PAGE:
The Muster – Sacrifice, Skills and Different Stories

Well, there was some darn big news this week that has stolen most of the air time, and rightly so. If you have not watched the pre-alpha first look video and caught up on the KickStarter news, then you really need to do so. However, the Muster is still here to pull together a few of the other news stories that were missed in all of the excitement.

Videos were not the only new media this week, we have a whole host of new screenshots to look at and some members of the community began to question exactly what it is we are seeing. There was also a magazine interview over at Gaiscioch which covered a lot of interesting topics, including some information about changes to the skill system. Finally, is starting with high influence ruining the fun of the game? Spoiler: Only if you treat Chronicles of Elyria as a typical MMO.

New Media

The Media page has been updated on the website with a lot of new images. Scenes you might recognise from the video along with a lot of other shots that show some of the detail of the world.

Ruins by the road from Chronicles of Elyria.

One thing I suggest doing is having a good look at the new Astral Plane screenshot and then scrolling down to the concept art it is based on. It is pretty inspiring to see how closely they match up. While you are down in the concept art section we now have images of Trison, a three-horned bison, and Trollmouths, which are disgusting and creepy at the same time. Though in this case disgusting is a good thing as we need variety in the world.

Religious Sacrifice

How closely did you watch the first look footage? How closely have you studied the past Developer  Journal screenshots? Who amongst you has noticed the strange room that looks like it might be a place for religious sacrifice? Well, it turns out Silaven spotted it. What exactly it is, what it is used for, and if it is as creepy as we think it might be is still up for speculation. Though it was interesting to hear Caspian say:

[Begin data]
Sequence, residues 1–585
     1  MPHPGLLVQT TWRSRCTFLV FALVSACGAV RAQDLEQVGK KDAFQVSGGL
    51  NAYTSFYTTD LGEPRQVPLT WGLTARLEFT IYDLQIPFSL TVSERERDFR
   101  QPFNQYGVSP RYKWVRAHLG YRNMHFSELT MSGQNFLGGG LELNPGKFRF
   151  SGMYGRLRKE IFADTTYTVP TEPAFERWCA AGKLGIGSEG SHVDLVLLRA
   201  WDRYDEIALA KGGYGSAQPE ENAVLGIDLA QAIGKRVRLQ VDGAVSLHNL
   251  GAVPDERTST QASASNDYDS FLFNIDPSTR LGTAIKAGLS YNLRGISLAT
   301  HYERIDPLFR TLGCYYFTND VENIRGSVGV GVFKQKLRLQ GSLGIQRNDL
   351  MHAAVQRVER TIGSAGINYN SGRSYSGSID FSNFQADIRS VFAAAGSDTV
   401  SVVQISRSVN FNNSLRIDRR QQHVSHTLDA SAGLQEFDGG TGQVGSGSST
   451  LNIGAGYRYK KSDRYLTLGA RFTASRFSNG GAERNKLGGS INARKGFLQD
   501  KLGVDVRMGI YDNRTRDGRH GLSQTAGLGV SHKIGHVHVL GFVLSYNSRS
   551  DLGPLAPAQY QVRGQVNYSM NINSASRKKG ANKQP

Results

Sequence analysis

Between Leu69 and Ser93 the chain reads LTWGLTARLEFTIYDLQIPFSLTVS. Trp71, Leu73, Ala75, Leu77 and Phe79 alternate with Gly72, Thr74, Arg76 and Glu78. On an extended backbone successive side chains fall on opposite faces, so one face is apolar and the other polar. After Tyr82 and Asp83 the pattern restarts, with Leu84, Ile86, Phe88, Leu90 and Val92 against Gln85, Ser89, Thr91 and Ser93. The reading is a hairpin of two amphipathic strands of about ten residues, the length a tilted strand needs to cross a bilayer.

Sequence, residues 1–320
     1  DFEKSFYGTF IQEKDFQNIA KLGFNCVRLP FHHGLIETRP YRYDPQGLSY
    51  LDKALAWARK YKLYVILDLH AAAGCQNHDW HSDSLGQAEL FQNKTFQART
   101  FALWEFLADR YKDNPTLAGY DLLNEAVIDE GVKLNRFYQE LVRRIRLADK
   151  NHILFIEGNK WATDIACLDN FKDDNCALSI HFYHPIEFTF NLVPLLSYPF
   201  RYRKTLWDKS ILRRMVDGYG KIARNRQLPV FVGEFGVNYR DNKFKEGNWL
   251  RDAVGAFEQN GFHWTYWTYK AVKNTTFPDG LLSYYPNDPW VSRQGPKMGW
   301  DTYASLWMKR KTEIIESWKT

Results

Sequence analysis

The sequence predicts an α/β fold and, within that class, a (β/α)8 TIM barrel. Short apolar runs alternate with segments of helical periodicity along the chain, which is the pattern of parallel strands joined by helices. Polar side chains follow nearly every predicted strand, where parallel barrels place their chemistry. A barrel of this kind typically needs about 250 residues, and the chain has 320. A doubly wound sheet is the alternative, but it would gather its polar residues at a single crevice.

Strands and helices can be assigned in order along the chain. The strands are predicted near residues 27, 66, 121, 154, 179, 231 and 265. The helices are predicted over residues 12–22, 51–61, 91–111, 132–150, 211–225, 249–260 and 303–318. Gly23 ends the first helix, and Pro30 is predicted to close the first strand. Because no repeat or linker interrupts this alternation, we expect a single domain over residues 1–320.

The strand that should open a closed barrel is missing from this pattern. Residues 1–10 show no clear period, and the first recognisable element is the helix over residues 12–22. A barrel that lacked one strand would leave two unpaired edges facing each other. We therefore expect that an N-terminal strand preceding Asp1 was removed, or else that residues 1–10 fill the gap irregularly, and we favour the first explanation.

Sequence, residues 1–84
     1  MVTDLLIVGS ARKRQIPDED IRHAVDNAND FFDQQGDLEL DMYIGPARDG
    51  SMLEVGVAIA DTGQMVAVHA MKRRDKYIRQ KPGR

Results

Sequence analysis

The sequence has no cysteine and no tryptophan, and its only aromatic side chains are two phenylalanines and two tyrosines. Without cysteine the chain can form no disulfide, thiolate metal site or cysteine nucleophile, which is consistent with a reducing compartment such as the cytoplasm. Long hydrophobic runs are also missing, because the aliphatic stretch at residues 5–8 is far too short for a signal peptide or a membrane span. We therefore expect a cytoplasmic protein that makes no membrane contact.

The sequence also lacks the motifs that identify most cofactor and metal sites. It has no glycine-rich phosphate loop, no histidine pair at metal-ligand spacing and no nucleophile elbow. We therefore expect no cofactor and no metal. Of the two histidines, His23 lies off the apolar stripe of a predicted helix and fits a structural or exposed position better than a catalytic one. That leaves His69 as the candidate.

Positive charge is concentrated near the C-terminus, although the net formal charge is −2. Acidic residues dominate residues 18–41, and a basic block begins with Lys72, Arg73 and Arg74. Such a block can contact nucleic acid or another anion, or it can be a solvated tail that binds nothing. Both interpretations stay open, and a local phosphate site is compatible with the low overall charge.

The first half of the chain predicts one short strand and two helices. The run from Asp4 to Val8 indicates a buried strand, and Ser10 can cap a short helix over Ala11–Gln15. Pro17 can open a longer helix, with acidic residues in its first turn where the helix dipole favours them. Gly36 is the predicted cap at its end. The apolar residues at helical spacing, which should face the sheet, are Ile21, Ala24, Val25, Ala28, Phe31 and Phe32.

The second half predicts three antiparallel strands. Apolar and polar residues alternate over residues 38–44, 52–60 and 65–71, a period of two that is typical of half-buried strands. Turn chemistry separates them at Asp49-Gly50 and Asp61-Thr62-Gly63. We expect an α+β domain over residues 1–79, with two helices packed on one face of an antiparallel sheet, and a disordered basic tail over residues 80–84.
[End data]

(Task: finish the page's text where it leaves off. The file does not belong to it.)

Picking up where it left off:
It should be even more surprising how much we’ve already hidden in plain sight from you folks. [Source – Forums]

As the same room, from a different angle, actually appeared way back in the Developer Journal on Dungeons. So exactly what are they hiding? If you have any other speculation head to the comments below or take it to the official forums.


A magazine about games development Gaiscioch is all about looking at design and construction of the titles we ant to play. Of course, in an edition all about dream building, it was only right for Chronicles of Elyria to take the cover. Inside there is an interview conducted with Jeromy ‘Caspian’ Walsh which is certainly worth taking time out of your day to read. Though there were two parts that particularly stood out to me.

Firstly their proudest engineering achievement, so far, which is how our characters appearance and physique can change over time and actually being able to engineer this:

From an engineering perspective, I think the team is proudest of the aging and dynamic body mechanics. These are closely related and basically, mean that as time passes, characters are constantly aging and changing. Their faces, skin, and bodies slowly show the passage of time. It’s very subtle, and often times community members are surprised to see the difference when they go back and look at what the character looked like decades previously.

The dynamic body system means your character’s leanness and weight changes dynamically. So you could end up with a fairly portly character, or the next Conan. The combination of the aging mechanic, and the dynamic body mechanic means characters look radically different. [Source – Interview]